The votes concluded a four-week fiscal standoff that began with Republicans demanding defunding of the Patient Protection and Affordable Care Act, and objecting to raising the debt limit and funding the government without policy conditions.
Obama and the uncharacteristically unified congressional Democrats stared down Republicans, particularly those allied with the Tea Party movement, who had sought to use the shutdown and debt ceiling as leverage even as more experienced lawmakers realized they didn’t have the votes and decried the strategy.
Judd Gregg, a former New Hampshire Republican senator and veteran of Obama’s first-term fiscal commission, said members of his party took on the wrong fight when they made it about Obama’s health-care law. Gregg is now chief executive officer of the Securities Industry and Financial Markets Association.
“It was an exercise in dysfunctional government,” Gregg said in an interview. “It was a loser position from the beginning because there was no way in divided government you’re ever going to repeal Obamacare. We should have been debating as Republicans how we fix our fiscal house.”
The practice of governing by crisis has become so established in Washington that financial markets weren’t disturbed by the impasse, correctly anticipating a deal would come at the last moment as happened in a similar standoff two years ago.
Federal agencies were instructed to begin opening offices today in a “prompt and orderly manner” and furloughed employees were told to return to work, according to a memo from the Office of Management and Budget.
Vice President Joe Biden handed out muffins to returning workers at the Environmental Protection Agency in Washington.
Still, the 16-day shutdown wasn’t cost-free. It took a toll on workers who lost paychecks -- furloughed employees will receive back pay -- and on the U.S. economy. Standard & Poor’s said yesterday the shutdown shaved at least 0.6 percent from fourth-quarter 2013 gross domestic product growth, taking $24 billion out of the economy.
House Minority Leader Nancy Pelosi, a California Democrat, today called the shutdown “reckless” and of the House Republicans she asked: “Was their temper tantrum worth $24 billion? I don’t think so.”
Macroeconomic Advisers LLC said in a report prepared this week for the Peter G. Peterson Foundation that the budget fights in Washington have lowered U.S. economic growth by about 0.3 percentage points a year since 2009. The fiscal standoff added more than a half-point to this year’s unemployment rate, or the equivalent of about 900,000 jobs, the report said.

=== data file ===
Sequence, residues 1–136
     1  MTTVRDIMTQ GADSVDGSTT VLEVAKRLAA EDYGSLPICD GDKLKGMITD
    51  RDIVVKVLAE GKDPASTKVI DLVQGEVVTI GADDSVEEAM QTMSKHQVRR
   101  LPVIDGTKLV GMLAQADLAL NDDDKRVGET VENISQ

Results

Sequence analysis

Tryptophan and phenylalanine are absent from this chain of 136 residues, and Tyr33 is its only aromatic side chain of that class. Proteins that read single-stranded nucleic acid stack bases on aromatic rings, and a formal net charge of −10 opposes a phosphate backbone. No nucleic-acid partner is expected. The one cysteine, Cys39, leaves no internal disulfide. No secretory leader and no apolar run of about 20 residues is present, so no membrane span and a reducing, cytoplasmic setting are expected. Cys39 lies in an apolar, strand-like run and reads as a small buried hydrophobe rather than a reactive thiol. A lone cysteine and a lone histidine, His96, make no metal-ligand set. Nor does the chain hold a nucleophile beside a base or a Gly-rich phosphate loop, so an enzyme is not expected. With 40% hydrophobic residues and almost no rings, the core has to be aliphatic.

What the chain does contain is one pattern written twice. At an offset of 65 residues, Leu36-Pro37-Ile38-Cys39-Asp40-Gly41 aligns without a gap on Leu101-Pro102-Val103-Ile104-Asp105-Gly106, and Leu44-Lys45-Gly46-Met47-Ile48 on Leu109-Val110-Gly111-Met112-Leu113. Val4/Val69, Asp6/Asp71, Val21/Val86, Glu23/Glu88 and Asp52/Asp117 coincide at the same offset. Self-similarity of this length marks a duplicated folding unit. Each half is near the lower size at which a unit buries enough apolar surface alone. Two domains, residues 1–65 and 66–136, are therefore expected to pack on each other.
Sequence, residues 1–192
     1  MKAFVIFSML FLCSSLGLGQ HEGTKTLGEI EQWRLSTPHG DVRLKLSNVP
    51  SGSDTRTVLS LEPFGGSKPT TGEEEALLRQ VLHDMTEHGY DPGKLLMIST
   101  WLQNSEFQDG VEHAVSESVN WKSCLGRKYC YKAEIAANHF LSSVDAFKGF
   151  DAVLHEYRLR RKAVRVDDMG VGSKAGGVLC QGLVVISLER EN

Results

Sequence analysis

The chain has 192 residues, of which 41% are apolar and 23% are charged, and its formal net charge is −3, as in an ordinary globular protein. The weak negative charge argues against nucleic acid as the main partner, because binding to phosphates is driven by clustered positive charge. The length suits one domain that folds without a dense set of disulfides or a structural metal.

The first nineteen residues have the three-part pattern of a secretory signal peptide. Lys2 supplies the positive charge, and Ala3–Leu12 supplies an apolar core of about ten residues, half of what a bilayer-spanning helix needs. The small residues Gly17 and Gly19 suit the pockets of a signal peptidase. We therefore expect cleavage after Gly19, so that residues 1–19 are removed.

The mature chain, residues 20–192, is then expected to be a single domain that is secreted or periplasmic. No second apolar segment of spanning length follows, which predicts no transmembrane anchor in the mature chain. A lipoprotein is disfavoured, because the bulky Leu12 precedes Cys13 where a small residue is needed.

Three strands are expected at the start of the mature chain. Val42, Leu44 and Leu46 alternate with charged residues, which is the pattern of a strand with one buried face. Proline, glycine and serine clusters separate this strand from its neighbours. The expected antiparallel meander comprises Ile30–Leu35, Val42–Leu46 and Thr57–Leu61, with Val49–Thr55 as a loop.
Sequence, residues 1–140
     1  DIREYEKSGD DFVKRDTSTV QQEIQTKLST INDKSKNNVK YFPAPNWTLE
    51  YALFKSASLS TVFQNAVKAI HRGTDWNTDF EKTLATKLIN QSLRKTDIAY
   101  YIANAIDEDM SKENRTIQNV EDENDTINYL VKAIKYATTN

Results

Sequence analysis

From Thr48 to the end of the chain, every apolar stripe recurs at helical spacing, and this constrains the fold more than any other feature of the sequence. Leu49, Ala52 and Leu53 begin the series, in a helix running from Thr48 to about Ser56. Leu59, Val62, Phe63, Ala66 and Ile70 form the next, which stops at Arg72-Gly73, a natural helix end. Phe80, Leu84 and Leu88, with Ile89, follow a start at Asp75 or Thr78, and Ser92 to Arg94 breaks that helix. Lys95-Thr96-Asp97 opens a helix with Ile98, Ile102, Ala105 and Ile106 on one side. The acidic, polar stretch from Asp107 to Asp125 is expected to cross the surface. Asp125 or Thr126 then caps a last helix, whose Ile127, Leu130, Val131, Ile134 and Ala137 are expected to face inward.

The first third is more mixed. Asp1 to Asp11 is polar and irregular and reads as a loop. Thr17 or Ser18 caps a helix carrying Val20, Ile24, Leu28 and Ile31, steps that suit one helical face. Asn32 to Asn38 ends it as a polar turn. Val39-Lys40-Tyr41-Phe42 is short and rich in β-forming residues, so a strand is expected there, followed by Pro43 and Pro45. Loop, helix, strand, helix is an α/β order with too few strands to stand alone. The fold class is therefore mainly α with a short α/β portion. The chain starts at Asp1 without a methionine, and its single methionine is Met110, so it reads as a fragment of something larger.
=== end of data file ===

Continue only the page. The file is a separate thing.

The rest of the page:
The U.S. Chamber of Commerce, the country’s largest business group, supported yesterday’s agreement, as did the Business Roundtable, an association of large-company chief executives. Several small-government groups, including the Club for Growth and Heritage Action for America, urged lawmakers to vote against the accord.
The votes occurred just hours before the nation was set to exhaust its borrowing authority, which the Obama administration had warned would have dire consequences within days given global reliance on U.S. Treasuries.
The Senate accord was unveiled a day after Fitch Ratings put the U.S. AAA credit grade on ratings watch negative, citing the government’s inability to raise the debt ceiling in a timely manner. After a 2011 debt-ceiling fight, Standard & Poor’s downgraded the U.S. credit rating to AA+ from AAA, criticizing the nation’s political process and lawmakers for failing to cut spending or raise revenue enough to reduce the budget deficit.
While public opinion polling shows Americans disproportionately blame Republicans for their handling of the debt fight, members have more than a year before they have to face voters again in midterm elections.
The Tea Party is less popular than ever, with many Republicans viewing the movement negatively, according to a poll released yesterday by the Pew Research Center for the People and the Press in Washington. Overall, 49 percent of the public has an unfavorable opinion of the Tea Party, up from 45 percent in June, while 30 have a favorable opinion, down from 37 percent two months ago.
Those numbers may be misleading, as the Tea Party movement is most effective as a political force in Republican-dominated congressional districts where incumbents look for a primary challenge.
To contact the reporters on this story: Terry Atlas in Washington at firstname.lastname@example.org; Roxana Tiron in Washington at email@example.com; Kathleen Hunter in Washington at firstname.lastname@example.org
To contact the editor responsible for this story: Jodi Schneider at email@example.com